When I think of my mom on Mother's Day, I don't think about the nurturing stereotype on the greeting cards. That just wasn't my Mom. Having escaped abuse in the ghetto she grew up in, earned a Ph.D. and turned around impoverished, segregated, inner-city schools as a principal, my mother had little sympathy for me regarding the birth defect that stunted the growth in my right leg. She was more tough-cookie than cookie-baker.
So you may think it's strange, at first, to hear that my mother loved the movieThe Sound of Music: Beautiful scenery, favorite old tunes, a powerful love story... she just couldn't get enough of it. Poor young Maria failed as a nun, but fell in love, married the wealthy Baron and adopted his seven children! It was a Cinderella story with a twist, and everybody lived happily ever after in the end.
But what my mother talked about most over the years wasn't the love story in this picture. She always pointed out how Maria Von Trapp led her new husband and stepchildren on foot, in the middle of the night, over the jagged peaks of the Austrian Alps for days to escape the Nazis. What courage it took to leave behind their palatial home, friends, massive fortune and beloved country. They went to America with nothing but their faith and God-given talents. They became a world famous singing family... and were blessed with new lands, more children and a lasting legacy. But they had no idea what they were heading into on that dark night in the hills above Salzberg.
Unlike the Jews who were rounded up and murdered in concentration camps, Baron Von Trapp had access to inside information about the evil nature of the Nazi plan because he was a privileged member of the Austrian power structure... he had warning and a chance to escape. Yet many families like the Von Trapps feared the Third Reich and hesitated to stand up against them. Most of these people went to jail -- or worse, turned and collaborated with the Nazis so they could maintain their position and material holdings. The most important lesson of the story, my mother always said, was this: having character and standing up for what is right is the only real wealth in this world. Refusing to aid in the atrocities was more important to the Von Trapps than their possessions, titles and social stature. Ultimately, this family was able to regain not only material wealth, but also more importantly, overflowing love, happiness and freedom.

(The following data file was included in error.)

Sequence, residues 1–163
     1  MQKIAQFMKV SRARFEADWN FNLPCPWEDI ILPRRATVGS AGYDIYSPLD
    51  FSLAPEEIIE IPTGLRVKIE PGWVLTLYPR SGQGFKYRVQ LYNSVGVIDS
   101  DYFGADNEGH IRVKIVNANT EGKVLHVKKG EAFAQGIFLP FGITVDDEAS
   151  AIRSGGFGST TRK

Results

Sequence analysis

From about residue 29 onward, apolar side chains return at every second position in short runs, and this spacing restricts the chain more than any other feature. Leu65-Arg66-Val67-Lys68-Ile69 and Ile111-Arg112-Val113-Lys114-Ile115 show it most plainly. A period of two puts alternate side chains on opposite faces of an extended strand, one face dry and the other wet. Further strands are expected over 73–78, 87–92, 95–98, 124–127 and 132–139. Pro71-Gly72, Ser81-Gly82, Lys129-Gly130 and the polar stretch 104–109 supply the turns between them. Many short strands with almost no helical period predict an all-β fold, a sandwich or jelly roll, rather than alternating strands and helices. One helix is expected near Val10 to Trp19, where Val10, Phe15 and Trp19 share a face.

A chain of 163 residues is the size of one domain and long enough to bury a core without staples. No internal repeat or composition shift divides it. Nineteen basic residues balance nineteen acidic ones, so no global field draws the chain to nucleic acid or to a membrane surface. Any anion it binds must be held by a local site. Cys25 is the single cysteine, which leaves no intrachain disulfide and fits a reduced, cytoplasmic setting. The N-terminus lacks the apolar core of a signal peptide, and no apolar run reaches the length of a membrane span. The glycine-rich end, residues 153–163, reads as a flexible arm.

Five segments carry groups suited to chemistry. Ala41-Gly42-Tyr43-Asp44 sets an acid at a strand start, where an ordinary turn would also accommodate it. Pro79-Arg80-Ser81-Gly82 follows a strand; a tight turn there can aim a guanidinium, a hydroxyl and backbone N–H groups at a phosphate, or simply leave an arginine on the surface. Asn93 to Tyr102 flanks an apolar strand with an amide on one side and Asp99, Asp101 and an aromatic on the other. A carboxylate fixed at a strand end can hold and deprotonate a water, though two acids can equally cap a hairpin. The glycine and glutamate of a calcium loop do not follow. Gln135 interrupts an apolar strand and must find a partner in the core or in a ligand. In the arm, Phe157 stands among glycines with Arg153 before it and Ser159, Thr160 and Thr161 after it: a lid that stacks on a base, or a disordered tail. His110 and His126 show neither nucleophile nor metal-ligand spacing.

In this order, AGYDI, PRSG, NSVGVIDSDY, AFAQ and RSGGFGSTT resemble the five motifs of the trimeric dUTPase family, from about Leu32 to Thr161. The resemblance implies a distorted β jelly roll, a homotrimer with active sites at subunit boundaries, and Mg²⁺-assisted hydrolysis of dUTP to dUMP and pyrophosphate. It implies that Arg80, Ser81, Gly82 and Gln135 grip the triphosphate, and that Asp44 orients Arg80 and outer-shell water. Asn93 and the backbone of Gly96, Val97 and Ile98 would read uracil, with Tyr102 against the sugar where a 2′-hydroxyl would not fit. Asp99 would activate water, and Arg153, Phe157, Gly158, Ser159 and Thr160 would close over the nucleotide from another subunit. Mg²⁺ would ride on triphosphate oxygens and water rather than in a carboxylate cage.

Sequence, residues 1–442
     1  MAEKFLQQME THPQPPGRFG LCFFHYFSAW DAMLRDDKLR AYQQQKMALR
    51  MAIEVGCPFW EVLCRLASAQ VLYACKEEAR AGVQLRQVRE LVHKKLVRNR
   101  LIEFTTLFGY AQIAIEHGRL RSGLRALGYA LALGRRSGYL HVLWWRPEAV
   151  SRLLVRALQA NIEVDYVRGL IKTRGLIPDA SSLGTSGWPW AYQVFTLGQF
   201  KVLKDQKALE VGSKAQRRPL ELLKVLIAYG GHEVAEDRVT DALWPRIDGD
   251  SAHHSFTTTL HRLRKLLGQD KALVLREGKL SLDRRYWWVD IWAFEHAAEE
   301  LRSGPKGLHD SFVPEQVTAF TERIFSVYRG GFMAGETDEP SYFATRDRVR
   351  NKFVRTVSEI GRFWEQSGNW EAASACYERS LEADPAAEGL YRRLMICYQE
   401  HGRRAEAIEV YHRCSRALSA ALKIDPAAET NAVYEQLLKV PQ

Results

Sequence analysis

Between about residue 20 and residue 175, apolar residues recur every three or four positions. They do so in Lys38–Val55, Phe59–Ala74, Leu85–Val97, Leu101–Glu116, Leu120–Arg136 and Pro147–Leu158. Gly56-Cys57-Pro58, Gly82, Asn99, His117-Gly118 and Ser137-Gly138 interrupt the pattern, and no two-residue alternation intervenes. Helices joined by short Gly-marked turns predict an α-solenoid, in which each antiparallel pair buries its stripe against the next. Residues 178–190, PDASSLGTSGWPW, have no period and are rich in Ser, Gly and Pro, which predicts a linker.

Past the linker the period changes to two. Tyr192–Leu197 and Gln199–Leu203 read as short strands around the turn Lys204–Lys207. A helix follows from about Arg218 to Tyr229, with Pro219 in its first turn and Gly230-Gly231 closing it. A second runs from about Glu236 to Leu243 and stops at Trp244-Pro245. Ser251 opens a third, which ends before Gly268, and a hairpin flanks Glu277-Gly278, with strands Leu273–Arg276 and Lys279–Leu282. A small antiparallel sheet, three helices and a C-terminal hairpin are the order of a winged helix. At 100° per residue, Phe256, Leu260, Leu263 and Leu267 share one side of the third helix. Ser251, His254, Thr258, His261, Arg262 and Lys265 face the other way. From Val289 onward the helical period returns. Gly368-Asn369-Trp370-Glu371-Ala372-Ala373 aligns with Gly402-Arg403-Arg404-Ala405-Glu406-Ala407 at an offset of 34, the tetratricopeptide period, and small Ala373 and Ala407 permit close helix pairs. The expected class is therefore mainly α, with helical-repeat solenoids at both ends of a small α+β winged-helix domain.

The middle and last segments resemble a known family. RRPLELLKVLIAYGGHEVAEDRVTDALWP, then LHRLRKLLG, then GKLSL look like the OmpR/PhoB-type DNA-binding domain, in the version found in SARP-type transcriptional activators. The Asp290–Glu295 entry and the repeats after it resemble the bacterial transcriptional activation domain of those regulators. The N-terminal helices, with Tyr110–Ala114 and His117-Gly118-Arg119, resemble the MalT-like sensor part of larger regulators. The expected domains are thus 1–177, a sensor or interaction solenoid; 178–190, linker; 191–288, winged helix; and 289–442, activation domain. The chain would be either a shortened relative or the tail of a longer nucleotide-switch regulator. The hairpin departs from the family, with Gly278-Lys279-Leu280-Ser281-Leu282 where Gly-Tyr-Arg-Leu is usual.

The brave nun who fell in love with the grand Prince Charming and his family didn't find her "happily ever after" in his earthly kingdom. Quite the reverse; he and his children were saved by her total reliance on faith and their collective unwillingness to succumb to evil.
On Mother's Day, we seldom celebrate the kind of moral and personal courage that Maria von Trapp exhibited. But that's the kind of 'happily ever after' that resonated for the battle-weary single mom who raised me. It is also worth noting that we tend to forget to honor all the mothering done by women who may not have given birth to anyone -- just as Maria took charge of that brood of kids who weren't biologically hers.
So as the daughter of an unconventional mother, this is my unconventional Mother's Day salute to the courage of women everywhere who may or may not be recognized by the somewhat limited archetype of motherhood merchandized on this particular day.
Personally, I know, love and appreciate so many women have mothered me in addition to my own mom. So when the dog bites, when the bee stings, when I'm feeling sad, I simply remember all the mothering I've enjoyed over the years -- and then I don't feel so bad!